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Juddmonte Farms' Tacitus a solid contender in Belmont Stakes 

Exercise rider Joe Ramos trains Tacitus on Wednesday

Exercise rider Joe Ramos trains Tacitus on Wednesday at Belmont Park ahead of Saturday's Belmont Stakes. Credit: Newsday/J. Conrad Williams Jr.

The silks of Juddmonte Farms — green, pink sash, white sleeves, pink cap— have graced winner’s circles at major tracks all over the world. Prince Khalid Abdullah’s operation ranks right up there with Ireland’s Coolmore and Dubai’s Godolphin among the international owner-breeder superpowers.

Juddmonte has won dozens of Grade I and Group I grass races in North America and Europe, and in recent years has focused more on dirt racing. Arrogate, the 2016 champion 3-year-old colt, became the first to hit the Travers- Breeders’ Cup Classic double in the same year.

About the only place Juddmonte hasn’t been a major player is the Triple Crown. It’s winless in the Kentucky Derby and the Preakness and 1-for-2 (Empire Maker, 2003) in the Belmont Stakes.

Trainer Bill Mott’s only Belmont victory came with Drosselmeyer in 2010. On Saturday he’ll try for another with Juddmonte’s Tacitus, the 9-5 morning-line favorite. Tacitus finished fourth (placed third) in the Derby, in which Mott’s “other” entry, runner-up Country House, inherited the win on Maximum Security’s disqualification for interference.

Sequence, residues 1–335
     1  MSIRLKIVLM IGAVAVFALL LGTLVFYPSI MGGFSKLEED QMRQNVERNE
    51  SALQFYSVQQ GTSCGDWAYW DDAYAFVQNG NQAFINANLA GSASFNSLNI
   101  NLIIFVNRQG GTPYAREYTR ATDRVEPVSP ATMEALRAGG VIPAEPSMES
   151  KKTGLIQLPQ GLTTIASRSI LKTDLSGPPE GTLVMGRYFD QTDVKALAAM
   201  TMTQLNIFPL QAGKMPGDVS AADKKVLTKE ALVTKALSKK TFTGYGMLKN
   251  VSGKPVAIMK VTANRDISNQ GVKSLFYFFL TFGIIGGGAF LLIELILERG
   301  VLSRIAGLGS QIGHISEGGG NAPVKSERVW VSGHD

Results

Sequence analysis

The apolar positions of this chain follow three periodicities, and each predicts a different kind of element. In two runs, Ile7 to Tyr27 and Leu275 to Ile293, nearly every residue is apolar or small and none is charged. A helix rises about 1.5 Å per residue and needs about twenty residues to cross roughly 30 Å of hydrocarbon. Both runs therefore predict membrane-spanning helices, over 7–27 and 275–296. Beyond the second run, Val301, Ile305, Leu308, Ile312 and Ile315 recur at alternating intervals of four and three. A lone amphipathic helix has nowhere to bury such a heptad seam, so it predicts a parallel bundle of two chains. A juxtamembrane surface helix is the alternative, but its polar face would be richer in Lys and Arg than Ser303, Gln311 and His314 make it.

Tacitus has been working strongly, and his pedigree says he should handle 1½ miles. Mott is hopeful he gets a smoother run than he had in the Derby.

“He had to alter course a lot of times, so he didn’t enjoy the cleanest of trips,” Mott said Tuesday. “He never got stopped, but he had to eat a lot of mud and dirt. The track was like pea soup that day, but he was moving very well at the end of the race.”


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